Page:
He may as well be a stand-in for Las Vegas itself, circa 2006. The image of the Strip as a haven for Elvis impersonators, all-you-can-eat buffets and Wayne Newton warbling "Danke Schoen" still lingers, but the reality is that Vegas long ago successfully reinvented itself as a luxury destination. And it's not slowing down.
"Other cities want to recapture what they had -- they're all looking backwards to find something they've lost," says Billy Vassiliadis, CEO of R&R Partners, the ad agency that coined the city's catchphrase. "Here in Las Vegas, we're already onto the next thing."
And the next thing is inward and upward. By the end of this decade, Vegas will be in the midst of its next evolution into a denser, taller and hopefully even more lucrative incarnation led by mega-resorts like MGM Mirage's $7 billion Project CityCenter and Boyd Gaming's $4 billion Echelon Place.
The nationwide real-estate boom was especially intense in Vegas, leading to massive sprawl at the edges and pushing up Strip and off-Strip prices to the point where high-rise condominium projects have begun appearing for the first time in the city's history.
But the astonishing run-up on the Strip itself -- the sale of the Tropicana's parent company last month pegged its acreage near the MGM Grand as being worth nearly $30 million an acre -- is forcing operators to double down on their bets. "It's so expensive now that it's much harder to get in and build a brand," says George Maloof, president of the Palms.
MGM Mirage, for its part, is gambling that it's found the answer to its real estate and competitive dilemmas with the $7 billion "Project CityCenter," which the company's chief financial officer once described as an effort to build a neighborhood with the density and feel of Manhattan's SoHo on 66 acres fronting the Strip.
"This has clearly put a new formula of land development in play," says Alan Feldman, MGM Mirage's senior VP-public affairs, one that replaces the street setback and X- or Y-shaped hotel tower with a denser forest of towers that can pack more retail, more entertainment and more people, including permanent residents (i.e., repeat customers) into the same footprint.
Following the branding lessons learned from Vegas 2.0, CityCenter will add "starchitects" to the branding equation, with a 4,000 room hotel and casino designed by Cesar Pelli, a condo-hotel by Rafael Vinoly, and a 550,000 square-foot mall that bears the signature whorls of Frank Gehry (although Mr. Feldman isn't confirming that particular). The project is scheduled for completion sometime in 2009.
Not long after CityCenter was announced, Boyd Gaming -- a co-owner with MGM Mirage of the Borgata Hotel in Atlantic City -- said it would demolish the Stardust and build a $4 billion mixed-use project named Echelon Place. "Without even hearing all of the details, you know where they're headed," says Mr. Feldman.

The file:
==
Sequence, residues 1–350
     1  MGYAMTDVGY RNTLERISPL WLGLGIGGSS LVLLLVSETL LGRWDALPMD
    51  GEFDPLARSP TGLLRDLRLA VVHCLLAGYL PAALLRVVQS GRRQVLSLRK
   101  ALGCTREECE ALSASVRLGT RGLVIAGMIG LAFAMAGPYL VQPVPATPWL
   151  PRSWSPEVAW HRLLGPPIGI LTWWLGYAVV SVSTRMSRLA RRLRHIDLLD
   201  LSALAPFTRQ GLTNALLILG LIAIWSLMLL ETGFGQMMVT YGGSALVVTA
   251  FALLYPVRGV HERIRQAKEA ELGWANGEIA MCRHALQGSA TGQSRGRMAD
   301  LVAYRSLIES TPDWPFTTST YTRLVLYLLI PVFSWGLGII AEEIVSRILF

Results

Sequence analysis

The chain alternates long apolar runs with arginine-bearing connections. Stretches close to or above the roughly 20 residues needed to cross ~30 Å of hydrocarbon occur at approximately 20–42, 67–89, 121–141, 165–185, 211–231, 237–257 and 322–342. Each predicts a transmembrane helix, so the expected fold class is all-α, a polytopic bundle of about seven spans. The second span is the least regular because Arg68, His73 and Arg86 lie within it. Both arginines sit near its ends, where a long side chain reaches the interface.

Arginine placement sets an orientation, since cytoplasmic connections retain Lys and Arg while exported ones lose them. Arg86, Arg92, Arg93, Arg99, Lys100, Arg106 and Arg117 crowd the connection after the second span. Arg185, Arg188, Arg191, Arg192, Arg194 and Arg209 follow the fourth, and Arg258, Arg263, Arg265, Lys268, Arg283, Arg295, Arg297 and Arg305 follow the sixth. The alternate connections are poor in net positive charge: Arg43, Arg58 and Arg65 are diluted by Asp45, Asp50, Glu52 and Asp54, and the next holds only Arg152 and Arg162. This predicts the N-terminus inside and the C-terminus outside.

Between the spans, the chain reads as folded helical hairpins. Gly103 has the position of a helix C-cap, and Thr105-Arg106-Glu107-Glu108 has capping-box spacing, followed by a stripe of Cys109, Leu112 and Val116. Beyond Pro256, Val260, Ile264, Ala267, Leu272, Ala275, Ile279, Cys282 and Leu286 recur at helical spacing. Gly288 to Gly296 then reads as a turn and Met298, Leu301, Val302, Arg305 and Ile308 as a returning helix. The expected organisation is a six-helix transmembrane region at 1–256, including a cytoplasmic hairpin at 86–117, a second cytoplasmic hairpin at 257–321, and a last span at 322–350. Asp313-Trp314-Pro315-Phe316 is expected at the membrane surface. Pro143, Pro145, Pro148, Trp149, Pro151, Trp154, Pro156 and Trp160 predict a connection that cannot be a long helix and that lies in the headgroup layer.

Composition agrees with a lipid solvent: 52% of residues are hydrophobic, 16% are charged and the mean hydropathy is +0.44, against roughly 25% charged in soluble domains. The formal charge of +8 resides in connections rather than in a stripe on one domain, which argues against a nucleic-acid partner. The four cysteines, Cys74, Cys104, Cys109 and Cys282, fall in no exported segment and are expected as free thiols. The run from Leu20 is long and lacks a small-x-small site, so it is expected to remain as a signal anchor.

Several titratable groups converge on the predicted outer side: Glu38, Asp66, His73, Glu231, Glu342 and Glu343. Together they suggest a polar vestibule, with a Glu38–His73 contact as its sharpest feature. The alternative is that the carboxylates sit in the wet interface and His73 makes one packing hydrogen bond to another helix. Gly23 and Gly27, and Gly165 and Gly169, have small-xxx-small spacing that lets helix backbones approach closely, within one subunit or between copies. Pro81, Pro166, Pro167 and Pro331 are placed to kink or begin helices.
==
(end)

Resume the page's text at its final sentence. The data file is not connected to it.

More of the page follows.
Yes, down exactly the same path. Echelon Place won't have a residential component, but it will have 5,300 hotel rooms scattered across an eponymous hotel, a more exclusive Shangri-La nestled within the main tower, and two separate towers housing Vegas branches of the Delano and Mondrian -- the boutique hotels in Miami and Los Angeles, respectively, created by Ian Schrager and owned by Morgans Hotel Group.
Upscale and intimate
"The market has clearly been upscaling, and virtually every segment of the Las Vegas market has been willing to trade up," says Boyd Gaming spokesman Rob Stillwell, outlining the reasons why Boyd plans to demolish the Stardust and replace it with Echelon. "As part of that upscaling, people are looking for more intimate environments," meaning the separate hotels, "not these huge monstrosities which accompanied the 1990s building boom."
MGM Mirage has already made it clear that it intends to build future projects on the scale of Project CityCenter. A sort of CityCenter East is being planned for the 55 acres it owns in Atlantic City, and the company is studying the best use for the 44 acres that Circus Circus occupies at the north end of the Strip.
Perhaps the true quantum leap in Las Vegas branding has yet to happen-the emergence of native talent and brands. Until the one-way flow of famous chefs, spas, nightclubs and fashion brands begins to reverse itself, it's hard to imagine anyone here winning the never-ending game of one-upmanship. "I can see a future where we start exporting brands to the rest of the U.S.," Mr. Feldman says.
The Palms' George Maloof promises to extend The Palms brand beyond Las Vegas -- "It's free and clear; I don't have any partners or restrictions, unlike many in Vegas, so I can go wherever I want in the world" -- but won't give details. "I'd tell you, but then I'd have to kill you."
Maybe, but it still remains to be seen if a city that vows "what happens here, stays here" can project itself onto the outside world.
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